Posh panto: One Man Two Guvnors

Our theatre blogger goes to see what the fuss is all about.

You may have caught James Corden’s lachrymose, personal pronoun-challenged speech as he collected the Best Actor Tony for his role in One Man, Two Guvnors? (“my fiançée . . . made me say us instead of I and we instead of me”). You may also have caught some of the hyperbole from critics, about “the most glorious comedy on the planet” (Daily Mail).

You may be wondering what has prompted this near universal acclaim. (Universal, that is, apart from amongst the Olivier judges who gave it a sniffy miss at the awards.) Could One Man, Two Guvnors possibly be all that?

To find out I went to its West End monozygotic twin, and if you’ve seen the show you’ll recognize a “hilarious” in-joke, as twins and twinning feature heavily in its crazy, kiss-me-quick plot. Writer Richard Bean has taken a 1743 farce, which itself draws directly from the clowning traditions of Commedia dell’arte, and plonked all the knockabout down amongst the old lags and crooks of a tawdry Brighton, 1963.

And parts of it are very good indeed. Corden’s opposite number, Owain Arthur, does sterling, riotous work as the “man” Frances Henshall. The diamond patternings of the harlequin are here updated to checked suit. In the first act this commedia throwback is permanently starving, and his desire for nosh pushes the plot and the slapstick along nicely. It’s always a pleasure to see the, er, heavy-boned move with unexpected elasticity, and his servant scams are kept live like spinning plates. They, like the show itself, appear always to be in danger of imminent collapse.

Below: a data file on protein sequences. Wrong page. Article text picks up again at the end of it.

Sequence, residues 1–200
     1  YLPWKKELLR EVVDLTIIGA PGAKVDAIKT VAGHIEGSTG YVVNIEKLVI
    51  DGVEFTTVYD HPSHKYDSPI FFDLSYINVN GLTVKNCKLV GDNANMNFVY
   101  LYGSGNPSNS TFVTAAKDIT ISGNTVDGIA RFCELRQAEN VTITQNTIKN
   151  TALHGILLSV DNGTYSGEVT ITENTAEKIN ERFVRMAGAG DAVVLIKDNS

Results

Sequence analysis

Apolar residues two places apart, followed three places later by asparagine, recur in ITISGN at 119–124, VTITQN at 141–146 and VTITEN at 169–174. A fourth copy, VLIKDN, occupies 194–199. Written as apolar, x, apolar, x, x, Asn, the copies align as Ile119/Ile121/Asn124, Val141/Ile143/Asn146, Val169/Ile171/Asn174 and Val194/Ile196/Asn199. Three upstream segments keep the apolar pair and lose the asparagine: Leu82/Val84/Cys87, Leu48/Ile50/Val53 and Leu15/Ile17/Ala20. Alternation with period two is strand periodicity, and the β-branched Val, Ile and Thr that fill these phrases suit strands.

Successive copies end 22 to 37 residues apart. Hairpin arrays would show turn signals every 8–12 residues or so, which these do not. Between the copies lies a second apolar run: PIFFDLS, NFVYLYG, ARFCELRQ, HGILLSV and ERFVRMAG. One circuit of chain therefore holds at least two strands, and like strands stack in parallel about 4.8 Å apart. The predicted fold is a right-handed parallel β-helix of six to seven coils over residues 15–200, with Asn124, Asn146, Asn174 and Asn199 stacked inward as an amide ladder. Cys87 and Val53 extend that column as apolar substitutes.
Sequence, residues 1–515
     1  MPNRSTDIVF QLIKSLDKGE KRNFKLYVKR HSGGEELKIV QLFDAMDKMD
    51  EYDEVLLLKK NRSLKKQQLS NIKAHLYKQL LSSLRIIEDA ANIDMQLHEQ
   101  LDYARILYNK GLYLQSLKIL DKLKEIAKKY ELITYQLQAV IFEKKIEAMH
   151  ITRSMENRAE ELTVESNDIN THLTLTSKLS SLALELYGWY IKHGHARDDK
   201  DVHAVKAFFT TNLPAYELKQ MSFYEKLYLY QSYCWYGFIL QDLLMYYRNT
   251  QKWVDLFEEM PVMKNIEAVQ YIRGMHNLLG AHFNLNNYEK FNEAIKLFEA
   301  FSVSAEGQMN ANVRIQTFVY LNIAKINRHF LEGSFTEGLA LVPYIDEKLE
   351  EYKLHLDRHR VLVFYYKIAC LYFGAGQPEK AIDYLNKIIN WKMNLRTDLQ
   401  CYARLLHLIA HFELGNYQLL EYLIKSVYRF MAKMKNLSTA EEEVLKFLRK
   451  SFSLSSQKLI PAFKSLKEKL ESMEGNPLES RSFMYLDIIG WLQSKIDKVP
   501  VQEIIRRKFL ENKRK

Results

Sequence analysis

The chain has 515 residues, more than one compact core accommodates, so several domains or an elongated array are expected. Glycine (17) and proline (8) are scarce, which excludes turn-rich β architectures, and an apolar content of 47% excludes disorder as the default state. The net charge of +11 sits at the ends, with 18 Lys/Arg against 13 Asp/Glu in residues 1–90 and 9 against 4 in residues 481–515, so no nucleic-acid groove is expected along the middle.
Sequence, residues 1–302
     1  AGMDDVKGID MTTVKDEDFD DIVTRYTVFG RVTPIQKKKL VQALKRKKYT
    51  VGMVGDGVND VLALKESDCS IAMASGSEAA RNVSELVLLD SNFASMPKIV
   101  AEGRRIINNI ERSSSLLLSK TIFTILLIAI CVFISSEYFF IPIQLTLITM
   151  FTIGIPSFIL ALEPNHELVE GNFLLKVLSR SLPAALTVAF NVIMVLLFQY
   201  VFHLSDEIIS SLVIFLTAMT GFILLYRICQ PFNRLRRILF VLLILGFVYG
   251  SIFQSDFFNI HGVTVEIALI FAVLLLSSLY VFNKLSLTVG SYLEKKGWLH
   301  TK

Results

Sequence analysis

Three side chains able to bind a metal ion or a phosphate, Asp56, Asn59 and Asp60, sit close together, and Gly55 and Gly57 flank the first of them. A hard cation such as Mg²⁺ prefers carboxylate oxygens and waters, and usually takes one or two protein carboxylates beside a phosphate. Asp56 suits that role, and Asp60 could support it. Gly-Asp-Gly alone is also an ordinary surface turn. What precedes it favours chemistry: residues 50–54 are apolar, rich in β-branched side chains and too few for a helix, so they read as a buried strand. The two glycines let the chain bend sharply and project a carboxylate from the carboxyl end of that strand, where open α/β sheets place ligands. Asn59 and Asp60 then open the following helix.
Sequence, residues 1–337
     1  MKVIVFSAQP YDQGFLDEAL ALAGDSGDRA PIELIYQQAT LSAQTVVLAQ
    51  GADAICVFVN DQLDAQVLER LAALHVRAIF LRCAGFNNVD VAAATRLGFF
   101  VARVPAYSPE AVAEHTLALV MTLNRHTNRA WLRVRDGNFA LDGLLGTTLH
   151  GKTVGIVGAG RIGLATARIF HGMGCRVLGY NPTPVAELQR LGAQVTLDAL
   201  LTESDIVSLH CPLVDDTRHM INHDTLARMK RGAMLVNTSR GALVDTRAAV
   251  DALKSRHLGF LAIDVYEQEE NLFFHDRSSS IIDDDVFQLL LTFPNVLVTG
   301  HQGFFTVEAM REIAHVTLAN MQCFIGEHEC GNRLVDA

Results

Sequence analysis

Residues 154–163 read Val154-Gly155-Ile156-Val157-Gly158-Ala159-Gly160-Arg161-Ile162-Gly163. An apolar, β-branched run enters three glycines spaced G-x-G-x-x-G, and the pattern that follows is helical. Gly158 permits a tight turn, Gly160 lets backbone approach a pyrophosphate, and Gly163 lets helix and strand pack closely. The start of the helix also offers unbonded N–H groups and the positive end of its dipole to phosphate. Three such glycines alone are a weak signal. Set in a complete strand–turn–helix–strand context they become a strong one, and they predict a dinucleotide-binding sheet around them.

The extent to which the very performance is threatened by rogue or at least hapless elements in the audience - this is posh panto, folks! - is kept artfully unclear. The anarchical effect had some in the auditorium fooled till the curtain call, and indeed beyond, if internet postings are to be believed.

There are very silly, very enjoyable cameos. The actorly Orlando Dangle (Daniel Ings), who has changed his name to Alan in deference to the wave of angry young men beating at The Drama’s shores, postures alarmingly in too-tight, too-short trousers, his heroic speeches dwindling to bathos: “mine honour has been fiddled with”. Ben Mansfield is delightful as nincompoop Stanley Stubbers - think Hugh Laurie in the Blackadder years (woof!). A Sixties-style beat combo (“The Craze”: the Krays?) make scene-stealers out of scene changes.

Best ratio of lines (few) to laughter (lots) surely belongs to Martin Barras as ancient newbie waiter Alfie. His tremors are of Parkinsonian proportions, and he’s at the cruel mercy, variously, of his pacemaker, banging doors, soup tureens and stairwells. His chronic wobbliness reminded me of something Joss Houben said in The Art of Laughter, that comedy is about verticality: as we tip away from the vertical, so we tip away from our dignity. Barras’s exquisite tippings have the first act wound up in a delirium of laughter.

But it’s a game of two halves. In Euro 2012 terms, the play scores thrillingly, decisively in the first half, then spends the second half in dull lock-down mode, defending its lead. The play is better value when Harlequin is motivated by food than when motivated by sex: after the interval Henshall’s aims switch from chips to dollybird (a bosomy saucebox, actually called “Dolly”, and a not entirely convincing proto-feminist). Act two is a foot-drumming period of tying up loose ends. Under all the “anarchy” beats a strictly classical heart: OMTG is a world in which every Jack gets his Jill.

Broad, old-fashioned, physical comedy, which neutralises extreme violence with the spirit of farce, clearly hits a nerve, however. The audience, it’s safe to say, was in hilarity meltdown.

If I were to be uncharitable, I would say that for a great night out, go see OMTG; for an even better night out, leave at the interval. Or keep Harlequin hungry.